Generally, seed laws are mainly focused on regulating the formal seed sector including the whole processes of variety release, seed certification and quality control and finally the distribution of seed. This is the same case in Tanzania. As you know, the formal seed sector does not involve smallholder farmers and their seed systems and thus only private companies can take part in these processes. Just like many other sub-Saharan African countries, 80-90% of the seed comes from the farmer-managed seed systems also known as the informal seed sector. The seed laws do not recognize the farmer-managed seed systems and its contributions to the seed sector, and thus no support can be made to smallholder farmers involved in seed production. Although there is a small provision in the seed law of a semi-formal engagement of smallholder farmers through the Quality Declared Seed (QDS) system, this also has its own disadvantages and not all farmers can take part in the process.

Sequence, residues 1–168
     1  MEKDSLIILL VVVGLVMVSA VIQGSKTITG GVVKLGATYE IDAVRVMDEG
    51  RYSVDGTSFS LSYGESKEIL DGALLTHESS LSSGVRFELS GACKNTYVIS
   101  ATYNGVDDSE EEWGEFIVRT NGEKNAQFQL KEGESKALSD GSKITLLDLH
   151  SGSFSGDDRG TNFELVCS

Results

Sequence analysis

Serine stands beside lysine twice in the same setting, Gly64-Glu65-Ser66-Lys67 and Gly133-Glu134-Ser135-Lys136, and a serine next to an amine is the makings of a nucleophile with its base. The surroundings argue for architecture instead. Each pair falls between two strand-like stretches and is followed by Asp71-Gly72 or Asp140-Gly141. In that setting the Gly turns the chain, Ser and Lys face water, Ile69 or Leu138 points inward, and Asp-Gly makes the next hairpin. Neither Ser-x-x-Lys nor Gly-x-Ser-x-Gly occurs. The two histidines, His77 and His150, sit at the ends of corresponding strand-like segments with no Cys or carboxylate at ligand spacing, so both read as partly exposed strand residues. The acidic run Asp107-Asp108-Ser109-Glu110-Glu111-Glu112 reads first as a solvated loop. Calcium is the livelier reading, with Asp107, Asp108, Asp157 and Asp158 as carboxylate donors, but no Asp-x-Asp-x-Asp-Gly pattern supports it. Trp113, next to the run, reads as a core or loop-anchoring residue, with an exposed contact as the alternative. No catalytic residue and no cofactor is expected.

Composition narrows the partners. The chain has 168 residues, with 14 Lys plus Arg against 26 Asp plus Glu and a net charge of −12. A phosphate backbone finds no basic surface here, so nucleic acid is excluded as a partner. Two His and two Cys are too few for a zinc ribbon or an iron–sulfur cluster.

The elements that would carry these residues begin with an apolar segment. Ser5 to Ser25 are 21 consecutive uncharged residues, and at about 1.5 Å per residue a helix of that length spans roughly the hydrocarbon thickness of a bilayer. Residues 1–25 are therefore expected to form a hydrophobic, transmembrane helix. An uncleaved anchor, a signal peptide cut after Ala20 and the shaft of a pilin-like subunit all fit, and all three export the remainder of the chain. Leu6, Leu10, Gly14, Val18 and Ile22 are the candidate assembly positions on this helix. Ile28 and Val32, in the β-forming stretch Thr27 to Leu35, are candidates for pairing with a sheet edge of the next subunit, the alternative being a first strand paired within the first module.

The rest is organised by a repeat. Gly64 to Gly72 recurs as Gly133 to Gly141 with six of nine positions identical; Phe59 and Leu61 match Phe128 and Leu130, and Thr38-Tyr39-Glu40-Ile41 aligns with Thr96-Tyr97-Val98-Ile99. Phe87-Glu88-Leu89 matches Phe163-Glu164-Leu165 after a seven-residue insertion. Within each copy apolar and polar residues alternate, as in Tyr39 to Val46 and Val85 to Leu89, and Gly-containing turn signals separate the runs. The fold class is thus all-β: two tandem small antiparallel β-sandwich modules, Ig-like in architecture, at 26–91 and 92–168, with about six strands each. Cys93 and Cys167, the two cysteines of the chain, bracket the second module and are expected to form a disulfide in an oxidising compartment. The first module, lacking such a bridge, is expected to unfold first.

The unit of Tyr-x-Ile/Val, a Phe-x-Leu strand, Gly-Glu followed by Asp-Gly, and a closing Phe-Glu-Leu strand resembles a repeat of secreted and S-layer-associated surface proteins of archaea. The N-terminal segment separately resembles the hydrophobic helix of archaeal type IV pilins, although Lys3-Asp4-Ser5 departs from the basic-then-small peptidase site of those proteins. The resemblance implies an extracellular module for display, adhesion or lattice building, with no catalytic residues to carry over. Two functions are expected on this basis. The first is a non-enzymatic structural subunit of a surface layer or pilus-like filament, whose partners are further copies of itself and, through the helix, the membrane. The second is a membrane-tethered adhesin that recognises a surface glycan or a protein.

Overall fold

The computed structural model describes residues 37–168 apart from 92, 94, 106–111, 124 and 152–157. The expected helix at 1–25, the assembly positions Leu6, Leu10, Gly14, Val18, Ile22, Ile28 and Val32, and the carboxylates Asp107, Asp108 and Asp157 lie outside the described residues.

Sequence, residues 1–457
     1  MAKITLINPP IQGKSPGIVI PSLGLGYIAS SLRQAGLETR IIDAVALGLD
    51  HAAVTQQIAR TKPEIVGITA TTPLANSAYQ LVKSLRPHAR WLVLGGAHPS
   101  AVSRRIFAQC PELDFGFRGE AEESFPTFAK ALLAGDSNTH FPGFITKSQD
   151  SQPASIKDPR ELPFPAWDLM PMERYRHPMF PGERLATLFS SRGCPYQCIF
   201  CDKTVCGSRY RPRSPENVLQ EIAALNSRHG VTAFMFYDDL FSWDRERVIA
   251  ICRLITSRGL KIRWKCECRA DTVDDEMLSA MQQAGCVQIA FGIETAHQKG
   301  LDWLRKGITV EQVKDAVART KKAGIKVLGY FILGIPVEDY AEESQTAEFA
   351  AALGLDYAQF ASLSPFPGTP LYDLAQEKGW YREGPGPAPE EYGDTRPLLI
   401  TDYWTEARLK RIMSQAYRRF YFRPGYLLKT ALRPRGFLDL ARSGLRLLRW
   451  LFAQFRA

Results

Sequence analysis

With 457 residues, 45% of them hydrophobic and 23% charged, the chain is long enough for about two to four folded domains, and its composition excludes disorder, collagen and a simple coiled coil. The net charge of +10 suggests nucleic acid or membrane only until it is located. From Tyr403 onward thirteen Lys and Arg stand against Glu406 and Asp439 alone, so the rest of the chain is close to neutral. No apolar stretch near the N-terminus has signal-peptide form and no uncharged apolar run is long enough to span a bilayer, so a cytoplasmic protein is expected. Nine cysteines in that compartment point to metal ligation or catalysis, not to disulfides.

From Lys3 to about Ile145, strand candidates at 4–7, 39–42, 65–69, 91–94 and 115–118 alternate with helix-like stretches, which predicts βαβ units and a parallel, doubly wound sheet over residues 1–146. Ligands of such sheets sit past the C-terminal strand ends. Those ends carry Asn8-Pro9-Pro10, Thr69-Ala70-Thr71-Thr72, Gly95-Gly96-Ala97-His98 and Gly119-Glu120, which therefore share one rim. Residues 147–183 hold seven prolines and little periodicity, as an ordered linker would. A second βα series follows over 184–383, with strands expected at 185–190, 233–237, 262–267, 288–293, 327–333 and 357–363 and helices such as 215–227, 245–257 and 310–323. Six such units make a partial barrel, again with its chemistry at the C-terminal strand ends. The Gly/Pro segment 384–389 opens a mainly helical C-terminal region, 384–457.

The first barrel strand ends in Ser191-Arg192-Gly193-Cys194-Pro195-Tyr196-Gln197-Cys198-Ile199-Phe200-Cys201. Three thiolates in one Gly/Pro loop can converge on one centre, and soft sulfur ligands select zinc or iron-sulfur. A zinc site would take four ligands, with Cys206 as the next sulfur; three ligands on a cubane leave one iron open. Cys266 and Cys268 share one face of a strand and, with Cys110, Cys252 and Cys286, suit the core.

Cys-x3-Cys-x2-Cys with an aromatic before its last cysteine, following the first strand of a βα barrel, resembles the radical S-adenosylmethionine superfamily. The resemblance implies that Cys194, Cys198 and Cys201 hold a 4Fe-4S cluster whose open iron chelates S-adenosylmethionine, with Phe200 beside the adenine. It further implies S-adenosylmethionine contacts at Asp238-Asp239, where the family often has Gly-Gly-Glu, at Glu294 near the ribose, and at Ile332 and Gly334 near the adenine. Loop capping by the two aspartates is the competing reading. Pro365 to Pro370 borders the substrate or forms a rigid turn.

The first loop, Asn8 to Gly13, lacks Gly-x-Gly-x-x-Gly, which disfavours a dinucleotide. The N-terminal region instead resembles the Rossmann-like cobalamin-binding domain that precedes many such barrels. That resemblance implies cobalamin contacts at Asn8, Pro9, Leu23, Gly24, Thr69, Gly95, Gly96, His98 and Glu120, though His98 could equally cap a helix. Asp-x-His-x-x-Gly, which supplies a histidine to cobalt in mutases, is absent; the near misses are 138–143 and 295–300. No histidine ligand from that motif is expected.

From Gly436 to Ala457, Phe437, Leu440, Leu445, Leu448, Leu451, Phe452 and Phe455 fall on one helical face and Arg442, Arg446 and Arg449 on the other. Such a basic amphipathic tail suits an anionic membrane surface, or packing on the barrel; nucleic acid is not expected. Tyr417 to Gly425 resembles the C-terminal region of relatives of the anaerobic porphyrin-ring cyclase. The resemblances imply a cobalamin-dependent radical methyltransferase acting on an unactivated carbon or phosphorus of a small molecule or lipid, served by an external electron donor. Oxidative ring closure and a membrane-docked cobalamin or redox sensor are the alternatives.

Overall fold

In 2014, there were a few amendments to the Seed Act, but one of the provisions prevented any person from the sale of seed that is uncertified. Not only that, only persons that have been registered as seed dealers should engage in the seed business; this includes, production, distribution, sale, importation and exportation among others). Although the government says that this is for quality control, it can be very problematic when the law decides to regulate what farmers are doing in their own seed systems. This year, a ground breaking report from (Mcguire and Sperling, 2016) further confirmed that farmers do fully engage in the seed sector, especially when it comes to seed exchanges and the occasional sale of local varieties or farm-saved seed to kin, neighbours or friends, community-based seed groups and to local markets. CSO’s have constantly asked the government in numerous occasions to make exemptions on smallholder farmers and farmer saved seeds in order to exclude them from these restrictions but the government is not willing to do so. The reason the government gives is that first, they still consider farmers’ local seed as sub-standard and secondly, they still want to protect the private seed sector’s engagement in the seed business. This will eventually have an impact on smallholder farmers’ seed systems.